Assassinating World Leaders
    Using assassination as a tool of foreign policy, wherein the CIA has
    initiated assassination attempts against at least 40 foreign heads of state
    (some several times) in the last 50 years, a number of which have been
    successful, such as: Patrice Lumumba (Congo), Rafael Trujillo (Dominican
    Republic), Ngo Dihn Diem (Vietnam) Salvador Allende (Chile)

    Arms Trade & US Military Presence
    . The US is the world’s largest seller of weapons abroad, arming
    dictators, militaries, and terrorists that repress or victimize their
    populations, and fueling scores of violent conflicts around the globe

    . The US is the world’s largest provider of live land mines which, even in
    peacetime, kill or injure at least several people around the world each day

    . The US has military bases in at least 50 nations around the world, which
    have led to frequent victimization of local populations.

    . The US military has been bombing one Middle Eastern or Muslim nation or
    another almost continuously since 1983, including Lebanon, Libya, Syria,
    Iran, the Sudan, Afghanistan, and Iraq (almost daily bombings since 1991)

    This, then, is a sampling of American foreign policies over the last 50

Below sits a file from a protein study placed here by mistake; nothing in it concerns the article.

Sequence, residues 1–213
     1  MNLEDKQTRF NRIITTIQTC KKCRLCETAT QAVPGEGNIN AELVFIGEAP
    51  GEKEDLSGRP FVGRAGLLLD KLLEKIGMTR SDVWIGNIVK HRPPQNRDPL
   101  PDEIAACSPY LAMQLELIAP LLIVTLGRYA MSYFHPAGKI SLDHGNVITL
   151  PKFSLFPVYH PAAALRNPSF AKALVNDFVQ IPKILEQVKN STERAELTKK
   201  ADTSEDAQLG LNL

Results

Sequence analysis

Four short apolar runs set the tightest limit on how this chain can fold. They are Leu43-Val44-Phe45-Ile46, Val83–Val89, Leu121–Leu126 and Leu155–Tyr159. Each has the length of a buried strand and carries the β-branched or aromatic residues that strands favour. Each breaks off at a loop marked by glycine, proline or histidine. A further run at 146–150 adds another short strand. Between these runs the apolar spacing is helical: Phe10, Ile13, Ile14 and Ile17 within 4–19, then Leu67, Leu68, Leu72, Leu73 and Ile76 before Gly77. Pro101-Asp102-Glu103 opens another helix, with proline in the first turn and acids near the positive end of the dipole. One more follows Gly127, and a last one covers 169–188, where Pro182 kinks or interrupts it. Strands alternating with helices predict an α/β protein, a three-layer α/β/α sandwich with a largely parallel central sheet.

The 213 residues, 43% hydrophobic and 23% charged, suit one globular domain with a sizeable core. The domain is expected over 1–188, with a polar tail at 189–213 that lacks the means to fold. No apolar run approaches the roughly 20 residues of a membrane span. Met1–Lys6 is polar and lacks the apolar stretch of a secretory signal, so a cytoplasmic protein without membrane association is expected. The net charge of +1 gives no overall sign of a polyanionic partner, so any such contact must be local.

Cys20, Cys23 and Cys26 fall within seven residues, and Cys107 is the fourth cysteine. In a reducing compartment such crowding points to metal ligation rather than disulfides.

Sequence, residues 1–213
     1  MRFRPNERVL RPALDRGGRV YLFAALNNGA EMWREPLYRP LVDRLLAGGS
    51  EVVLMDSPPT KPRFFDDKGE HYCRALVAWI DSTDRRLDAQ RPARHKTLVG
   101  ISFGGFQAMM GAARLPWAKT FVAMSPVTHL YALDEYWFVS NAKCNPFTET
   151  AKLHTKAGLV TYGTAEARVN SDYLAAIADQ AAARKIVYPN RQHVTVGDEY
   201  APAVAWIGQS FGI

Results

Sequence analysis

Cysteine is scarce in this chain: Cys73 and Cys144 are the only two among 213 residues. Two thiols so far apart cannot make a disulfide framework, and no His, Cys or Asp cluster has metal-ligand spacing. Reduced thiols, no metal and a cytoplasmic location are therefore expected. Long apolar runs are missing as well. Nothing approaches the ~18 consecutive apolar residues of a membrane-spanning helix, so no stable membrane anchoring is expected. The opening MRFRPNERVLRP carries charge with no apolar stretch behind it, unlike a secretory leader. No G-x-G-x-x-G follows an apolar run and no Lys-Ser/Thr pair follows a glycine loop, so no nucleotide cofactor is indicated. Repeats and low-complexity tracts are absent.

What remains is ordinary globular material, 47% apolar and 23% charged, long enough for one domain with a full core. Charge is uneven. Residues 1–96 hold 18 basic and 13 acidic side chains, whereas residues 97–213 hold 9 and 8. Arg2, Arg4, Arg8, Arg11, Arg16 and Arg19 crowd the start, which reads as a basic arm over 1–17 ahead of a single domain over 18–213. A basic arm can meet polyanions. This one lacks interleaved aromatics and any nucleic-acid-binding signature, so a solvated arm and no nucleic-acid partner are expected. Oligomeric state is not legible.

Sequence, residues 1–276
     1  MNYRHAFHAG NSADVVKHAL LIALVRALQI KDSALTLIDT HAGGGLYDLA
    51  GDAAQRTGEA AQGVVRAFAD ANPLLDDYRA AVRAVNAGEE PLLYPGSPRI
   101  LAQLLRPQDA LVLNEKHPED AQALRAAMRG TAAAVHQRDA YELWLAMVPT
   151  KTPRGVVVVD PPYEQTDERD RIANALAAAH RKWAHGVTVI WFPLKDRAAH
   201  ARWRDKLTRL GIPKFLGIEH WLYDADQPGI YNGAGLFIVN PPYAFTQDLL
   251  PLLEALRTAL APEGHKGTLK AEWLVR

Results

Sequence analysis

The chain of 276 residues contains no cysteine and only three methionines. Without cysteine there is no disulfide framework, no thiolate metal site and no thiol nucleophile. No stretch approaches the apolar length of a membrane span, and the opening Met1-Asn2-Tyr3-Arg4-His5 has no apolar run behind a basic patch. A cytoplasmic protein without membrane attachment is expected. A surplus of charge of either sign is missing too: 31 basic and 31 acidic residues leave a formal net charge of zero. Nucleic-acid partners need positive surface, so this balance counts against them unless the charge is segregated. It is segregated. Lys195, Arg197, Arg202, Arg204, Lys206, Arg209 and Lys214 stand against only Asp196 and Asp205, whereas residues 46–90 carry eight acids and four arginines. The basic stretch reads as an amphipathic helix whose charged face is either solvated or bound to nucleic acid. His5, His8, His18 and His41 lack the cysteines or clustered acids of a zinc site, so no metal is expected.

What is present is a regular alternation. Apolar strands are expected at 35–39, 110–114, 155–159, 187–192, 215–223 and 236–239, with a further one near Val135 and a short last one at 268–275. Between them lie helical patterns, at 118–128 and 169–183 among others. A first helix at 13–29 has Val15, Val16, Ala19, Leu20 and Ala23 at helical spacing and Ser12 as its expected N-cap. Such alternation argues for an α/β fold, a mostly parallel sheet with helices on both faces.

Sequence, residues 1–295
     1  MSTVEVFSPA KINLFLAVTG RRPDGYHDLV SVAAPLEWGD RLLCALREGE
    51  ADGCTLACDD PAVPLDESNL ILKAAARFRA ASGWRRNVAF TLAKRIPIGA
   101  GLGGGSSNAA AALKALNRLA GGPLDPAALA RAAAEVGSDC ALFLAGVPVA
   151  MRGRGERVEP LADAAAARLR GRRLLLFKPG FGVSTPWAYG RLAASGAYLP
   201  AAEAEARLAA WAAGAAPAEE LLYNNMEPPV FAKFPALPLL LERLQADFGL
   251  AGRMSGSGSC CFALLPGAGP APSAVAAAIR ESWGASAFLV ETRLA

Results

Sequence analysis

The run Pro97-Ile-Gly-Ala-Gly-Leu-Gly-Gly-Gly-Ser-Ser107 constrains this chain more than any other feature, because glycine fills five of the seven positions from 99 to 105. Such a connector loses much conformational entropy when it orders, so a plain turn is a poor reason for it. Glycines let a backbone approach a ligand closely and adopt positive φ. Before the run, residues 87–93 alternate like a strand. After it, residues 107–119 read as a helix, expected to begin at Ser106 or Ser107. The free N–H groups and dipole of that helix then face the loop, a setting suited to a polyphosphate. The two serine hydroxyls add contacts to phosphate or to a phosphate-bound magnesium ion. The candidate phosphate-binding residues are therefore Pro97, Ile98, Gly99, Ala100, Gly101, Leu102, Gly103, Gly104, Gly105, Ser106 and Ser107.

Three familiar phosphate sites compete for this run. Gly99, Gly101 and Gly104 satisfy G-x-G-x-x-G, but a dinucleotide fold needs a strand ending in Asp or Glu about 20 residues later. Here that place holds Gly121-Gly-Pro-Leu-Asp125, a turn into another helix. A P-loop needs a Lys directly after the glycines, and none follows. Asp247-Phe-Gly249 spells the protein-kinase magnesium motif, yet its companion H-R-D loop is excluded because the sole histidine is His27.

years. The FBI uses the following definition for Terrorism: “The unlawful
    use of force or violence committed by a group or individual, who has some
    connection to a foreign power or whose activities transcend national
    boundaries, against persons or property to intimidate or coerce a
    government, the civilian population or any segment thereof, in furtherance
    of political or social objectives.” This sounds like the terrorism we just
    experienced. It also sounds a lot like the US policies and actions since
    1945 that I’ve just described.

  2. North Korea is a “Hermit Kingdom???” (what kingdom? is this official?) because…
    since 1953, they have been treated as the pariahs of the world, they have been whipped, put in chains
    how do they come into the greater community of nations (i am definitely not in favour of globalisation) if they keep getting their noses shoved in ..it?
    the United States is as guilty (if not more) of making Kim the man that he is, than any other outside influence
    the United Nations is as guilty (if not more) of making Kim the man that he is, than any other outside influence
    people suffering starvation, and eating fecal matter is not an indication of the evil empire, it is an indication that your evil empire has been too good at its own lies

  3. Who is going to make huge frofits and how much??

  4. There is no such thing as a preventive strike, which is actually a war crime. US has no business attacking nations without being attacked. USA is world’s greatest, most criminal rogue state. The Pentagon will continue to eat our economy until somebody in Congress learns to say no to The Generals.